- It actually worked - well even this might not be enough, it should show that it works enough to justify the damage it causes. But, since it has never worked, it seems pretty crazy (like prohibition but never ending).
- It actually reduced addiction, or it’s operators gave two damns about addicts. Given how we seem to be willing to kill to prevent ‘innocent people’ from getting access to drugs...shouldn’t we care enough to treat addicts instead of incarcerate and exile them?
Lets be honest...It is partially about people choosing to make money from drugs, it is partially about people (us) refusing to be honest (the war failed) and perpetuating a war that cannot be won no matter what the costs.
I am saying that we have to live up to our promises.
We need to be a land of opportunity. We have to really promise that people have the right to life, liberty, and the pursuit of happiness. We have to really live up to our promise that people have the right to be free in their own homes.
We are a nation of laws, but those laws are governed and contained by a Constitution that limits the power of governments to intrude on the lives of its citizens. And this should be true for all of the amendments (not just the second).
Unfortunately, too often, when we are frightened or feel threatened, our response is to pass more laws and to ignore that Constitution.
And sometimes, our laws are stupid, and ineffective, and should be repealed.
In other words, why will we allow military occupation before we refuse to allow one child to go to a substandard and unsafe school?
Why do you we care more about the belief that every person can make it (regardless of circumstances) then we do about the circumstances we create that are massive barriers to people ‘making it?’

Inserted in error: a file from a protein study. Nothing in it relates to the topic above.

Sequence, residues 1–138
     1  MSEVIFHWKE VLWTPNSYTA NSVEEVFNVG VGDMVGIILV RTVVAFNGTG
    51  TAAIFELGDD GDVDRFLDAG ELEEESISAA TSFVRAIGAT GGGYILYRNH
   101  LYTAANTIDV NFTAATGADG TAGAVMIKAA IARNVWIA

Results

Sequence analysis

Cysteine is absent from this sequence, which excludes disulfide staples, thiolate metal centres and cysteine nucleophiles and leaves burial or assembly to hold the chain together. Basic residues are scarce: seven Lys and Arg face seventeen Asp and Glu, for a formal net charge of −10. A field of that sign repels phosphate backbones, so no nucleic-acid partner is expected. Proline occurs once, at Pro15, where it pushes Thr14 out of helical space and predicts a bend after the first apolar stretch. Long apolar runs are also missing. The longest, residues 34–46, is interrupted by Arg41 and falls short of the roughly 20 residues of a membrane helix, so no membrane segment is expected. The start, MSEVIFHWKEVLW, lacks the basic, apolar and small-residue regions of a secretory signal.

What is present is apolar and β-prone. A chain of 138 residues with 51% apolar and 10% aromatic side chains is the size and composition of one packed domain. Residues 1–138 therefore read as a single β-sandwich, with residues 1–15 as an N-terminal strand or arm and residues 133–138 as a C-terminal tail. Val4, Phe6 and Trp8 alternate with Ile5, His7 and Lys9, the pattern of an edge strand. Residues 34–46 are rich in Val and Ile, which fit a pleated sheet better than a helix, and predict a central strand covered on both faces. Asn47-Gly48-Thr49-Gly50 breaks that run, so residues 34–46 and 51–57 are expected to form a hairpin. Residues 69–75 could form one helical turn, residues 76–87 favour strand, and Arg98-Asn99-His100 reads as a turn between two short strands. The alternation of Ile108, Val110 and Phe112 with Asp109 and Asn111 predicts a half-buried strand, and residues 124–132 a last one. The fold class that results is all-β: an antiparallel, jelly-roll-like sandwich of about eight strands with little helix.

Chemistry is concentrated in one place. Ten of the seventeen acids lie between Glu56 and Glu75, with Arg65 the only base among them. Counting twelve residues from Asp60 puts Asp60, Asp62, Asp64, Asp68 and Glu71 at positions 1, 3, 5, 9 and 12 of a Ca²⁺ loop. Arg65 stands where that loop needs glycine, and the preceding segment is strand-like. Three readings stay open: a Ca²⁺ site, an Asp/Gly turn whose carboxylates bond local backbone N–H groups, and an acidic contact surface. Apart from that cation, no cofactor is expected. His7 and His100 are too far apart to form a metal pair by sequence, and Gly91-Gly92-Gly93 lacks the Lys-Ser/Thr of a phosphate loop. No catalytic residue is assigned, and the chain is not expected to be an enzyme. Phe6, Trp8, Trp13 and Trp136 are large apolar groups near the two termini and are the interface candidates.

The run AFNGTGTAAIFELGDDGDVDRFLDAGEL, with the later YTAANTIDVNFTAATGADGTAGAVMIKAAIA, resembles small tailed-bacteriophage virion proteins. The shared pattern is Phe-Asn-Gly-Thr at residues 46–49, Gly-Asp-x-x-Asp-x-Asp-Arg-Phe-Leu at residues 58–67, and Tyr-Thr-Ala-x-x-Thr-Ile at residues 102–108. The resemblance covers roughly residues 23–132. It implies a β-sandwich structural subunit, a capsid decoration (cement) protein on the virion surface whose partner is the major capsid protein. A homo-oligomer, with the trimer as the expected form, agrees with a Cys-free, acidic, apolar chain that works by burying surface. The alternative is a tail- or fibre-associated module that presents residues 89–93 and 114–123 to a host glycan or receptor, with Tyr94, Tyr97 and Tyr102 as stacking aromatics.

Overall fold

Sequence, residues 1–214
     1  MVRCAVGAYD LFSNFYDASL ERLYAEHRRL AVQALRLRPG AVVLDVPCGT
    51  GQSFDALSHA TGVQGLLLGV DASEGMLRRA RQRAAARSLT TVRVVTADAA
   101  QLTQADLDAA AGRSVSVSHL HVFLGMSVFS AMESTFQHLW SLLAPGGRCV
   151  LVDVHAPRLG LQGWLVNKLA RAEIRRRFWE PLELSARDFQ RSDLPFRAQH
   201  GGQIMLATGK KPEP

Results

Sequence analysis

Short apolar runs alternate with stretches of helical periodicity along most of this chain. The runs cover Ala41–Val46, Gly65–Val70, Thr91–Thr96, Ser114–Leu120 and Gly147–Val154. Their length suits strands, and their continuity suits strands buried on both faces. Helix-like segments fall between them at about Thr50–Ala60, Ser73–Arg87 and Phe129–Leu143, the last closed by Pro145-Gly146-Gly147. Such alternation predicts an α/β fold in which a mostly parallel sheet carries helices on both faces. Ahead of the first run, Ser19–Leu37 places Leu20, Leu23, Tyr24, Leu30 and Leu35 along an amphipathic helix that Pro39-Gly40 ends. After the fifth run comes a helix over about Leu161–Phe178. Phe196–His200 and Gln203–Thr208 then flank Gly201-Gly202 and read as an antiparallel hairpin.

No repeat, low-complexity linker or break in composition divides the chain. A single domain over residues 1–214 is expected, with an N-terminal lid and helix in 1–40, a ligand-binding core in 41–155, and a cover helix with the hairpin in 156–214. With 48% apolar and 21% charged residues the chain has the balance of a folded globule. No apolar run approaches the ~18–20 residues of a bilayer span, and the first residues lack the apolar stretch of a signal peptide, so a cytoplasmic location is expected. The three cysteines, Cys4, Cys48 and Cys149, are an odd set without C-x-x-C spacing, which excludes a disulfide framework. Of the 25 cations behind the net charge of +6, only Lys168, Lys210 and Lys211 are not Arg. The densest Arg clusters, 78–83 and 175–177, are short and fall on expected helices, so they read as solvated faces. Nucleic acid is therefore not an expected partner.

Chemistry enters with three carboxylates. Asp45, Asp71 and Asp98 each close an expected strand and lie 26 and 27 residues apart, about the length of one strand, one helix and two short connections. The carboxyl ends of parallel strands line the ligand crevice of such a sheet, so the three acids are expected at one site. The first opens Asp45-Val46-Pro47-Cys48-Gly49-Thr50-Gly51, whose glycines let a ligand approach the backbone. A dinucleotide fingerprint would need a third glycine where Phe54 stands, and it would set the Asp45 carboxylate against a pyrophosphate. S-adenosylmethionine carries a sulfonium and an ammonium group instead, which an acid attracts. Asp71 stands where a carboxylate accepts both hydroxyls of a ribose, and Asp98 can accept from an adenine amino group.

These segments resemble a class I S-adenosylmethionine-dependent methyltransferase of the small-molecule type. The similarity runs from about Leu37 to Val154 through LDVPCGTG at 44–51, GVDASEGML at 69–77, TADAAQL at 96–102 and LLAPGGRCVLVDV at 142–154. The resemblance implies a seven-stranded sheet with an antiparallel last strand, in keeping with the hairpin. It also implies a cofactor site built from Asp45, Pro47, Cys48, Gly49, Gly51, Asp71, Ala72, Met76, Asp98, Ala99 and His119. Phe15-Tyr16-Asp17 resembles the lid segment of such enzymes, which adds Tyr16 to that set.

Why are we willing to stand silent, tacitly accepting a drug war that has accomplished literally nothing but pain, resulted in hundreds of thousands of deaths on both sides, and has been shown to be enforced selectively based almost entirely on race?
How is that American?
If we are a city on a hill, people below can see the reflections of the bars on our towers and hear the explosions emanating from downtown.
We need more NWA….Not sanitized NWA...we need more NWA’s
So, that is why, while I probably will see the movie...I am not sure I will like it.
And, since I am here now we need to do some things...We need to:
End the war on drugs.
End it not because drugs are good but because the war is worse.
Make sure all schools are funded and that all American kids have the same exceptional opportunities to learn.
We need to do these things because we need to live our values.
The city on the hill might be our birthright...But, we actually have to pay attention to the upkeep and the management.
You may be saying I am a radical, but I really just want us to live up to our ideals...Not just when they are easy, but when and where they are the hardest.
What is your take on the movie? Or do you think I am totally insane? How do you feel about NWA? Feel free to let us know...leave a comment!